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6 Little Things That Make a Big Difference

Spend Focused Time With Each Child

It's natural for siblings to compete for their parents' affection. But sharing your love is easier for your child to accept if he feels certain that he enjoys a unique relationship with you.

When parents are too concerned with being fair and spending equal time with each sibling, they may focus their energies on doing group activities as a family. While that's a good thing, remember that kids also crave some one-on-one time alone with you. Try to take advantage of the many daily opportunities to find out what's on your little one's mind. As tempting as it is to put your toddler to bed at the same time as his baby sister, give him a later bedtime so the two of you can enjoy a quiet half hour together. Or alternate which child goes with you on your errands, whether it's taking the dog to the vet or returning a video.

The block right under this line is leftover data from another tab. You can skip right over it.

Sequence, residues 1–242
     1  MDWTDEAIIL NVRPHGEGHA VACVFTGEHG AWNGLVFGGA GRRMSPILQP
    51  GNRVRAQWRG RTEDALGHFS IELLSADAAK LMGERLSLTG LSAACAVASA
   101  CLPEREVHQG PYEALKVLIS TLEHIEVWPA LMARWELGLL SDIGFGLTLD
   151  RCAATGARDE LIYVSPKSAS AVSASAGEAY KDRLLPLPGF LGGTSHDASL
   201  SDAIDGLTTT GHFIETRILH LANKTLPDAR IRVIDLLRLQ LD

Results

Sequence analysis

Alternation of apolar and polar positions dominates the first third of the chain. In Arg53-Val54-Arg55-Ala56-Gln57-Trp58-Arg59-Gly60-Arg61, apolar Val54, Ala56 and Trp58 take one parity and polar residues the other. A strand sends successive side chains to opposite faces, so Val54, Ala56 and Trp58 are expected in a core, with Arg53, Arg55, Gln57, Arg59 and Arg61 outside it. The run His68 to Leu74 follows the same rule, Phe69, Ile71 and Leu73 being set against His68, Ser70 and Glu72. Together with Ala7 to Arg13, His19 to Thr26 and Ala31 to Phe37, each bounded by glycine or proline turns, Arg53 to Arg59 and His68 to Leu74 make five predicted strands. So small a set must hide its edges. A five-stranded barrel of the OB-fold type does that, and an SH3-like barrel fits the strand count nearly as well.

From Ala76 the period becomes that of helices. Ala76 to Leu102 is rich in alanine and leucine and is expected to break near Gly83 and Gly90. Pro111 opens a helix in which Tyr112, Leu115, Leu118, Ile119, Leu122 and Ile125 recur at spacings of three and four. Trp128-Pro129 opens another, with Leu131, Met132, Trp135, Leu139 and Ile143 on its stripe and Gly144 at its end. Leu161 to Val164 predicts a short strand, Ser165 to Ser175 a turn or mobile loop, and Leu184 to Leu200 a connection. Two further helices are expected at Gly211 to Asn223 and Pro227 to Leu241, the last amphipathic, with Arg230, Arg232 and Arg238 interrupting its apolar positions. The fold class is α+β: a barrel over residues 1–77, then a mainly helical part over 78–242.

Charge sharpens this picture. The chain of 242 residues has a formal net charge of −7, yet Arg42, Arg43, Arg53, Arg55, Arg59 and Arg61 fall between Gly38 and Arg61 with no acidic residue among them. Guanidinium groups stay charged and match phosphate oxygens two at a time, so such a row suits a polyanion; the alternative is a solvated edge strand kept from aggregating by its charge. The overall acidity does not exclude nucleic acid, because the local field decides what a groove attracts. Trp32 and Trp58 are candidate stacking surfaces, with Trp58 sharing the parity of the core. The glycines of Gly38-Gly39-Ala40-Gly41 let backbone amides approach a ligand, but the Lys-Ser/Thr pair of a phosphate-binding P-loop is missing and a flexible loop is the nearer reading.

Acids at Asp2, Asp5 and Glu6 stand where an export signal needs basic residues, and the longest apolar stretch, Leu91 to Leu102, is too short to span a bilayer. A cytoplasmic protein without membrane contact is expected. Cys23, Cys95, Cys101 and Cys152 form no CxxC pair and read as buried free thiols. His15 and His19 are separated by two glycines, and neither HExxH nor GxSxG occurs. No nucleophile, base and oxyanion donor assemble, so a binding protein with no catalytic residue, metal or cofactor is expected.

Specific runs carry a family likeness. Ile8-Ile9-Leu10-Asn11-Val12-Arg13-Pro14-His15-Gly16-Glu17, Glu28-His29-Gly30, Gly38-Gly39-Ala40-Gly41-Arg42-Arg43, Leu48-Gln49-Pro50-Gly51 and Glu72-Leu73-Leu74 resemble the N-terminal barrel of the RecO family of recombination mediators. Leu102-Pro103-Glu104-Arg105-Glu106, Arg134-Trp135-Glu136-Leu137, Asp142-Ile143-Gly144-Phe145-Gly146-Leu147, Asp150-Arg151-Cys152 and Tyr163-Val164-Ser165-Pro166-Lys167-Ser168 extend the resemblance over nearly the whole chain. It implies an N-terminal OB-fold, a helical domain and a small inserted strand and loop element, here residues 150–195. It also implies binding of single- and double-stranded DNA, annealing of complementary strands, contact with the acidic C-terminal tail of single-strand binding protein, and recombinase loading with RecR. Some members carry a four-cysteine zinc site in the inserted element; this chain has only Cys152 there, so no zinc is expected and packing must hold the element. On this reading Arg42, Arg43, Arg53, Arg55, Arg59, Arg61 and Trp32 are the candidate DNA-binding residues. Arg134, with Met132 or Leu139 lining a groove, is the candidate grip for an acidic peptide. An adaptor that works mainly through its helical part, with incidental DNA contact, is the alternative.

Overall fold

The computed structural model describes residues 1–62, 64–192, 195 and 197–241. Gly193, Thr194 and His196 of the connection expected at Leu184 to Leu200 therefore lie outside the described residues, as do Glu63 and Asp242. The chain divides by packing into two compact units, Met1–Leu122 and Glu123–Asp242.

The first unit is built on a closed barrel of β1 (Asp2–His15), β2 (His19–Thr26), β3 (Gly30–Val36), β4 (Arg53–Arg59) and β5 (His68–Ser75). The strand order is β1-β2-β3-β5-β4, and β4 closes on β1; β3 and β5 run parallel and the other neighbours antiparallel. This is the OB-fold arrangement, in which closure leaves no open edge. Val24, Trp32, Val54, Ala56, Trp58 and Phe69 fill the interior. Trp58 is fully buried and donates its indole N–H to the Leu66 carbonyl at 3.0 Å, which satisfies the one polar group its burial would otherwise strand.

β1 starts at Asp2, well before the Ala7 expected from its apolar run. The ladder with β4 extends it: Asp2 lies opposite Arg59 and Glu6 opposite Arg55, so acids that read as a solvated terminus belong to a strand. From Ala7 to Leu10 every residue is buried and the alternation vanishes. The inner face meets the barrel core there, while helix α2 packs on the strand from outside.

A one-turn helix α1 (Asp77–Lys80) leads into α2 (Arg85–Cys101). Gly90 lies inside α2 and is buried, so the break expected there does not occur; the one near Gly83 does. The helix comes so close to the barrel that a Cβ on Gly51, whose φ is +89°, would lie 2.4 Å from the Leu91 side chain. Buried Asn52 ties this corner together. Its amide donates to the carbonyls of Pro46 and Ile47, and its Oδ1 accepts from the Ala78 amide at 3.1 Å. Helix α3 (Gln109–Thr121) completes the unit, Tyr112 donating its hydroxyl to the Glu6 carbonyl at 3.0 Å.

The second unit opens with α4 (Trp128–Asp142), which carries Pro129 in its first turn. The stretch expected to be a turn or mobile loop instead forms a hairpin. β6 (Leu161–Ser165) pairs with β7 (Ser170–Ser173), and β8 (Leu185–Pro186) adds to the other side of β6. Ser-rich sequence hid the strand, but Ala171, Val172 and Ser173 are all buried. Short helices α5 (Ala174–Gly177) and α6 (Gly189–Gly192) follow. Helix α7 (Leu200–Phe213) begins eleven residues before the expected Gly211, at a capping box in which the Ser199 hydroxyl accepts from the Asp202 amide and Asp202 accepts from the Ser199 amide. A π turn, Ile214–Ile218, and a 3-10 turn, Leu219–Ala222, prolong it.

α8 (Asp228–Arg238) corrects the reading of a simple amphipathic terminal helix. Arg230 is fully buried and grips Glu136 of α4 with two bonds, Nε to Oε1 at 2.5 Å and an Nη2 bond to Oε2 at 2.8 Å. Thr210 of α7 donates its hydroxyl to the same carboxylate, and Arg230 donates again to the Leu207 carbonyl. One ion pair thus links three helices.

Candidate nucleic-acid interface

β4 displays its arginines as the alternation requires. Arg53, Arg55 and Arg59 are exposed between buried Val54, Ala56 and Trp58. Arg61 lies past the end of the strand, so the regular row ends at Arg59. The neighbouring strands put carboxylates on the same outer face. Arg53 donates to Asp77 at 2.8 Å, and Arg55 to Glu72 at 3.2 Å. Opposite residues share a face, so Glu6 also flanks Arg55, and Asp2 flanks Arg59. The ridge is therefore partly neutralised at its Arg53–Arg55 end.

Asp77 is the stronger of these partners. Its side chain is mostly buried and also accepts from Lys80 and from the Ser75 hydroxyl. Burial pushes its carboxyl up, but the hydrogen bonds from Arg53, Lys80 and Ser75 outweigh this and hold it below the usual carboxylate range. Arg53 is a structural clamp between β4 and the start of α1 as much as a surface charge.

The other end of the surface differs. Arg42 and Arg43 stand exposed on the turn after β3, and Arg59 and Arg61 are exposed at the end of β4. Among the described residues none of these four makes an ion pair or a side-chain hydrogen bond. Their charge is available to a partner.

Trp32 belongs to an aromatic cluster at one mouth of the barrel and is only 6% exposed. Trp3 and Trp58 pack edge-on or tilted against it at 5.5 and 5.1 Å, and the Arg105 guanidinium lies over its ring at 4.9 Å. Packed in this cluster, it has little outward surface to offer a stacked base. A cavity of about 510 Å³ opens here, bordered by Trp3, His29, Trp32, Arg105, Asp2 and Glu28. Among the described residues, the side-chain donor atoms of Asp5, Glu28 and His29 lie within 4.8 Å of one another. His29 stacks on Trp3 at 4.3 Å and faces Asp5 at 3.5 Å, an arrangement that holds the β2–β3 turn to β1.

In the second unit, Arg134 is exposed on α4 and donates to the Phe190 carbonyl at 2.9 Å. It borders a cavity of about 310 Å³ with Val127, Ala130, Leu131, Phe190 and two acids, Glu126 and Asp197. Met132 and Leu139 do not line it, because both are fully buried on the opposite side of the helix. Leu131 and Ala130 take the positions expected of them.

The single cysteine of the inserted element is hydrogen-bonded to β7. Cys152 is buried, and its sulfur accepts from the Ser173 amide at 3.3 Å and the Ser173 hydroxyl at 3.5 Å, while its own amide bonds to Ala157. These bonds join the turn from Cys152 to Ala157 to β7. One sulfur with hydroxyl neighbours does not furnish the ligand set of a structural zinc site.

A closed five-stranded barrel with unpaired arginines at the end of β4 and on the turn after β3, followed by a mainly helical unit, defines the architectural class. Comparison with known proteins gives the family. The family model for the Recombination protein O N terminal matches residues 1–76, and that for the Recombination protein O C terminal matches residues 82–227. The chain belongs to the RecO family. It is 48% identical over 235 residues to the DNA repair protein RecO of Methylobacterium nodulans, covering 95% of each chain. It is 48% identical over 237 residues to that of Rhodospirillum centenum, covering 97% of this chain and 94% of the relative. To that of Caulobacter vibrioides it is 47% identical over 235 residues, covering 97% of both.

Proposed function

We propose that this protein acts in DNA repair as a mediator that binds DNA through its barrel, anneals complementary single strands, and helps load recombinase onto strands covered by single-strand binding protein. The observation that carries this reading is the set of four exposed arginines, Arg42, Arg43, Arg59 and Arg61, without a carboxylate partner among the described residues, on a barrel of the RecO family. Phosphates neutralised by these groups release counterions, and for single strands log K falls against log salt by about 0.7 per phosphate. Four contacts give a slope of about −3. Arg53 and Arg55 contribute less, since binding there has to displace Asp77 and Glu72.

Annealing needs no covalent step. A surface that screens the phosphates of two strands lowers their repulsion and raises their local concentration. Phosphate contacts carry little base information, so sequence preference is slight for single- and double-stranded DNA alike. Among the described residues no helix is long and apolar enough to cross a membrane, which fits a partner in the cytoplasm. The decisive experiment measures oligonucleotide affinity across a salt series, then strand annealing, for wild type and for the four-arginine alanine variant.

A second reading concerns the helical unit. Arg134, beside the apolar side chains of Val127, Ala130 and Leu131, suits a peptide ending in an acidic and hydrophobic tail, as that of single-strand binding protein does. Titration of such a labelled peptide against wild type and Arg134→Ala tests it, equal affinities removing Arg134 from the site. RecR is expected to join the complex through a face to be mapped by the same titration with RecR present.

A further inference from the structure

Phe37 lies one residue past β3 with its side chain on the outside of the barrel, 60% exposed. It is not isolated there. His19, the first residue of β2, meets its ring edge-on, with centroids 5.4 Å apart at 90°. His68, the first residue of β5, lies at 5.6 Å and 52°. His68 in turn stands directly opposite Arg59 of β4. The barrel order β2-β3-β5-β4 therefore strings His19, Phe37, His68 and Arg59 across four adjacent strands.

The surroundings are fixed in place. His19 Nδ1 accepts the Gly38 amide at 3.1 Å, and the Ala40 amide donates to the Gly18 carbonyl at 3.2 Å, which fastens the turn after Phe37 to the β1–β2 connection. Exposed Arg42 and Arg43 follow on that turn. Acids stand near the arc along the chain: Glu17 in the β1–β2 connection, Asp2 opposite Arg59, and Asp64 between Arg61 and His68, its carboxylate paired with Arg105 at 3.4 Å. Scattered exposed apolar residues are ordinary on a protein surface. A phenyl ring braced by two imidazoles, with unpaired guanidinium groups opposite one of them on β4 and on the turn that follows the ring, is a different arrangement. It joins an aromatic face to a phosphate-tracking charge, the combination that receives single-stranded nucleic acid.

When my kids were young, I rotated which one came along when I went away on business. They loved those excursions with me. To them, it meant having my undivided attention as well as traveling on a plane and getting to order room service. Today, thanks in part to this, I'm rewarded by having a very special relationship with each one of them.

Another way you can make your children feel special is by avoiding comparisons ("Wow, you got ready faster than Taylor"). Instead, emphasize the positive attributes of each child ("I like the way you put away your books without my having to remind you"). And be careful not to label or typecast them ("Matthew's the athletic one; Sarah's the social butterfly").

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